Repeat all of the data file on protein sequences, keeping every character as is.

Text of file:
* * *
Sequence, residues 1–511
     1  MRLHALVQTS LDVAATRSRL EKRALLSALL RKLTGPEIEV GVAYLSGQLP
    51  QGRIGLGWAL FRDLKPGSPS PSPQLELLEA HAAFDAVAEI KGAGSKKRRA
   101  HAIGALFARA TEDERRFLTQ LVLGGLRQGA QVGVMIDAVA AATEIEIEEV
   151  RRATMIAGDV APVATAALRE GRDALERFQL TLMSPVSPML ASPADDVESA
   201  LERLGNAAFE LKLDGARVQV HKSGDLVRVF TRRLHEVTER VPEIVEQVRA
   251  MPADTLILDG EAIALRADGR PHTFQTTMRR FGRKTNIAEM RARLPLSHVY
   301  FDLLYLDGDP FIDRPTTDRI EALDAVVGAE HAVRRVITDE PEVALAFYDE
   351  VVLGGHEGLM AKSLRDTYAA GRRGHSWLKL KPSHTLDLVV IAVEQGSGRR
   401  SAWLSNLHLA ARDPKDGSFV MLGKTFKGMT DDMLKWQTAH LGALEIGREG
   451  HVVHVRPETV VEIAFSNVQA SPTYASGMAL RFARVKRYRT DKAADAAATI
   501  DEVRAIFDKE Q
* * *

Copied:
Sequence, residues 1–511
     1  MRLHALVQTS LDVAATRSRL EKRALLSALL RKLTGPEIEV GVAYLSGQLP
    51  QGRIGLGWAL FRDLKPGSPS PSPQLELLEA HAAFDAVAEI KGAGSKKRRA
   101  HAIGALFARA TEDERRFLTQ LVLGGLRQGA QVGVMIDAVA AATEIEIEEV
   151  RRATMIAGDV APVATAALRE GRDALERFQL TLMSPVSPML ASPADDVESA
   201  LERLGNAAFE LKLDGARVQV HKSGDLVRVF TRRLHEVTER VPEIVEQVRA
   251  MPADTLILDG EAIALRADGR PHTFQTTMRR FGRKTNIAEM RARLPLSHVY
   301  FDLLYLDGDP FIDRPTTDRI EALDAVVGAE HAVRRVITDE PEVALAFYDE
   351  VVLGGHEGLM AKSLRDTYAA GRRGHSWLKL KPSHTLDLVV IAVEQGSGRR
   401  SAWLSNLHLA ARDPKDGSFV MLGKTFKGMT DDMLKWQTAH LGALEIGREG
   451  HVVHVRPETV VEIAFSNVQA SPTYASGMAL RFARVKRYRT DKAADAAATI
   501  DEVRAIFDKE Q